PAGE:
Driving though the mountains is ridiculously uncomfortable, but it is a pleasant journey; I say ‘pleasant’ because we weren’t being blown up to bits. We got to stretch our legs once in a while; just cause they carry AK47’s and could probably eat you for breakfast doesn’t mean they don’t need to pee, right?
Diaroos is a depressingly poor town. The clinic is not up to AY’s expectations; I can see the disappointment on his face. Wasi begs patience; the clinic got rehabilitated just two days ago out of nothing. Regardless of snags, just getting the clinic off the ground is an achievement in my books. The logistics behind the actual construction, materials, labor, supplies, etc. must be a nightmare – the closest town where these items may be available is mountains and miles away. The doctor has already seen over 160 sick people in 2 days, including a woman in labor who, in our presence, shielded by about 5 other women, staggers towards the clinic in agony, having walked about 3 miles. We find out later she gave birth to a baby boy.
We retire at the residence of Agha Hashemi where we feast on more rice and meat – again. I am told the toilet is outside the actual property so I pace myself accordingly. I sleep without peeing, changing, brushing…nothing…YUK! I am sure there is a lot of snoring that night but I am too tired for it to bother me this night.
We fly (again on another toy plane) to Yakawlang to check on more CAI projects – a beautiful mosque in Bamiyan and another medical clinic in Sachek. The mosque is massive and sits dangerously close to three massive rocks that look like they would tip if one pushed hard enough. But we are told they haven’t moved in about a century. Phew! The Sachek clinic sits at the bottom of a scenic mountain area (obviously!). After a few hours of inspections and a LOT of medical checkups by DAY, AY and DAY drag AR and I into a climbing a rather steep scenic hill behind the clinic. We manage to climb halfway, then AR and I decide it’s too much effort, so sit instead, smoke and enjoy a beautiful view of the village from high above. DAY, AY and Wasi carry on up.
Personal lessons learned so far:
1. No matter how tough you think you are, guns are scary.
2. Small aircrafts are not that bad after all
3. Garam naan is amazing!
We leave for Bamiyaan the next day. After a hot shower at a local hamaam there, we head off to another CAI funded project – a mass marriage ceremony. 100 poor, underprivileged couples are seated in perfect order, basking in 30C degrees plus heat for the speeches to end so they can feast and begin their journey of life as couples. One particular groom who catches all our attention is exceptionally uncomfortable. Every time any of our eyes land on him or his bride, he tightens his grip around her shoulder and adjusts her veil to a point where I am convinced she will suffocate. If you look at the pictures accompanying this Blog, you can clearly see all the brides covered in full hijab head to toe, so there isn’t anything to see really; just an insecure young lad perhaps. We later learn that afternoon one of the brides had collapsed due to dehydration and / or fatigue; hmmmm, maybe the same lady?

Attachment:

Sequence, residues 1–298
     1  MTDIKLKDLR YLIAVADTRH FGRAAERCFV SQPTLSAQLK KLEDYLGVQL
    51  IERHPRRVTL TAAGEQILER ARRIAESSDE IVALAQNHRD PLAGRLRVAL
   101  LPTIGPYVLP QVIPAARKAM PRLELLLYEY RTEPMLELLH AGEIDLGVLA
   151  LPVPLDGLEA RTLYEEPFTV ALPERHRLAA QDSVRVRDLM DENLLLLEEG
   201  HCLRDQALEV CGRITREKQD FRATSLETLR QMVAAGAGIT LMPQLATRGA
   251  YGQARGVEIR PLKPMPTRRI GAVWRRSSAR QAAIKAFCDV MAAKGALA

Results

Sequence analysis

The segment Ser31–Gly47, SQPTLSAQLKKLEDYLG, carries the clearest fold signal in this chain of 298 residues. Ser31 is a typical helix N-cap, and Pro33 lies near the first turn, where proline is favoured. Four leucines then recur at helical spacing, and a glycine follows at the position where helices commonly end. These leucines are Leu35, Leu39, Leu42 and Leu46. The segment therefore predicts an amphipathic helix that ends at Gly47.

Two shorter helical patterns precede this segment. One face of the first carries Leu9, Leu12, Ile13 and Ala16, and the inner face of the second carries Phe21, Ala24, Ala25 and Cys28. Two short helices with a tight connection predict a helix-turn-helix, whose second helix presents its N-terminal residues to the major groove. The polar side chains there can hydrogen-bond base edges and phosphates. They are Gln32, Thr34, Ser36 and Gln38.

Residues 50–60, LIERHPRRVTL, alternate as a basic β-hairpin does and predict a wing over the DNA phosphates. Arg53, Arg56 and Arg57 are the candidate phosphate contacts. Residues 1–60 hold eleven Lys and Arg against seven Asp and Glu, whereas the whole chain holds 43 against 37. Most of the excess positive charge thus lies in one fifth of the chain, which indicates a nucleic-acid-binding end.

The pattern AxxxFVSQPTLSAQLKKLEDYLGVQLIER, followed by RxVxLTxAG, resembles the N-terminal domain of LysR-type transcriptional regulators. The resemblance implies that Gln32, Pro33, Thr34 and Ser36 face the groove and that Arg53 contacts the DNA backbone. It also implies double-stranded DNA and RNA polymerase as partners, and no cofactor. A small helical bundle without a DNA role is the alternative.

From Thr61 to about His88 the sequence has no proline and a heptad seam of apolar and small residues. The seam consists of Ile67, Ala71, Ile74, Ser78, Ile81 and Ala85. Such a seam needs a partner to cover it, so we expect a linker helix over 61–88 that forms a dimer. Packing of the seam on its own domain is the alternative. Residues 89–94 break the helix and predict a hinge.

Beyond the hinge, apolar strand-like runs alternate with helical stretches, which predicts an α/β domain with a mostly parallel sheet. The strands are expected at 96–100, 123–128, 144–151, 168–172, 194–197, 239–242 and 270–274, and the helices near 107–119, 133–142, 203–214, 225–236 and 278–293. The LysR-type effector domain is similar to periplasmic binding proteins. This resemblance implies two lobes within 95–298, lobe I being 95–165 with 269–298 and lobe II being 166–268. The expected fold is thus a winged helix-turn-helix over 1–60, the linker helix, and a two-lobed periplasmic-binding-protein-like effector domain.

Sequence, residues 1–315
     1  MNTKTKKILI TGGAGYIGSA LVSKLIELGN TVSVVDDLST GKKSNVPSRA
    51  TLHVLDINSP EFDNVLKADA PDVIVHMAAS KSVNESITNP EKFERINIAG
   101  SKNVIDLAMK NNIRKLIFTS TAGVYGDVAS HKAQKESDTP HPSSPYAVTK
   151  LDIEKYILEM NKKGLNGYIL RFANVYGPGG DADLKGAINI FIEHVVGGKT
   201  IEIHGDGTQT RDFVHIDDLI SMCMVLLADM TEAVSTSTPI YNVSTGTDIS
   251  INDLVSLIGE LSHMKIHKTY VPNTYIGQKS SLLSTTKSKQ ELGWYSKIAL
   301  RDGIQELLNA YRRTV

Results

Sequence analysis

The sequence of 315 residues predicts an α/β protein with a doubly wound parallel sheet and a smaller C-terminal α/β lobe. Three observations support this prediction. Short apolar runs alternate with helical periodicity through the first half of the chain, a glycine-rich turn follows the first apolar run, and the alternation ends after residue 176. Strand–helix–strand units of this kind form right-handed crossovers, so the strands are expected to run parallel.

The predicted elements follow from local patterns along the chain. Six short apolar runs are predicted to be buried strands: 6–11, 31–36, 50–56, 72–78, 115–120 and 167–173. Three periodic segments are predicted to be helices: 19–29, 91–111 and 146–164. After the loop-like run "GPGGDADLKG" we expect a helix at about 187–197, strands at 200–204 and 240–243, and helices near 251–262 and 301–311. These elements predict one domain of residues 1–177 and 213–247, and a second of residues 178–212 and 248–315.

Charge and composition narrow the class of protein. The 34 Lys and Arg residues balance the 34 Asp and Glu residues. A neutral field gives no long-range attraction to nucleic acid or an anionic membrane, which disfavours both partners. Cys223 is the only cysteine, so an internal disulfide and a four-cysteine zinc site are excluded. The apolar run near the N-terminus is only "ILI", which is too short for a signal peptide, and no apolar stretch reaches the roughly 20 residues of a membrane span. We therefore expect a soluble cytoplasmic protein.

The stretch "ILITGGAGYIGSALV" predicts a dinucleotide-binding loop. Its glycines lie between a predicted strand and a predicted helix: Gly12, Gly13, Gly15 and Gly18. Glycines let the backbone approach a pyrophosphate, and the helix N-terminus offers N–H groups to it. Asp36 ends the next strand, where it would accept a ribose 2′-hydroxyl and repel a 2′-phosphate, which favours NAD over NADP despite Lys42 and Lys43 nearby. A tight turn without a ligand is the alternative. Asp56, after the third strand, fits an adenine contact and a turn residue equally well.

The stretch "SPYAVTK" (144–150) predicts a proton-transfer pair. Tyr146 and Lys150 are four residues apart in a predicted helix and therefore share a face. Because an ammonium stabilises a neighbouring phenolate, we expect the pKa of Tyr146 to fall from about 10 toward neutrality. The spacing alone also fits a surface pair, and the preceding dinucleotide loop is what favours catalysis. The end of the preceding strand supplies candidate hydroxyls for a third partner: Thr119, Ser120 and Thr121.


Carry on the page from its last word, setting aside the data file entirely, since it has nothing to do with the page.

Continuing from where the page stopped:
Next stop is Char Bagh in Sarepol. We arrive at the airport an hour early because the charter company confuses us for another party. So we end up waiting at a small café, entertained by a young (and loud) Afghan-American who is convinced America is raping his rich country; I too have the same feeling. We reach Mazar-e-Sharif and immediately drive to Char Bagh where we are greeted to louder salawaats as we enter a CAI funded school for girls. As more speeches ensue, I drift off for a minute and am amazed at how CAI is able to accomplish so much in areas where even million-dollar NGO’s find it difficult to operate.
There is a lot more we do; for example:
- Distribute sheep to 40 underprivileged widows of Sarepol.
- Visit a massive housing project where CAI is pretty much helping an entire village of refugees relocate from shoddy UN built shelter tents to livable mud-houses with rooms, doors, windows and in some homes even a small garden.
- Visit an area that was recently shattered by flash floods, killing a large number of residents.
- Meet an unprecedented number of individuals who would all have a sad story to tell, expecting CAI to help.
- Inaugurate 7 (out of 14 dug) water wells in various parts of Bamiyaan.
- Visit a brand new girl orphanage in Kabul funded by CAI.
So what does all this means and matter? Why did I bother visiting in the first place? Why does it matter to “know” what CAI does on the ground? Trust me, it matters. Many of you may already be active donors that makes CAI a wonderful organization; however, what y’all don’t know is how wretchedly difficult it is to actually get things off the ground and materialize projects from design to completion, be it schools, clinics or water wells. I now understand where those hard earned (and donated) dollars are being used…and by God, they are being used in the best possible manner.
Thank you to Wasi, Bashir, Dr. Asif, Dr. Afzal, uncle Aliakbar for making this trip a wonderful experience. In case I have not mentioned anyone, please know that all of you there were instrumental in making my trip one amazing experience.
Finally, thank you uncle Yusuf, for encouraging me to tag along with you on this trip (and for bringing me back alive). It has changed the way I look at life around me; I now appreciate running water, electricity, food and even a Western toilet a whole lot more than I did before. May Allah give you a long life so you can keep serving him in your signature valor. Now if only all of you guys would please consult a professional for your snoring problems.
Amirali Somji – Dubai
Please click here to see some wonderful photos.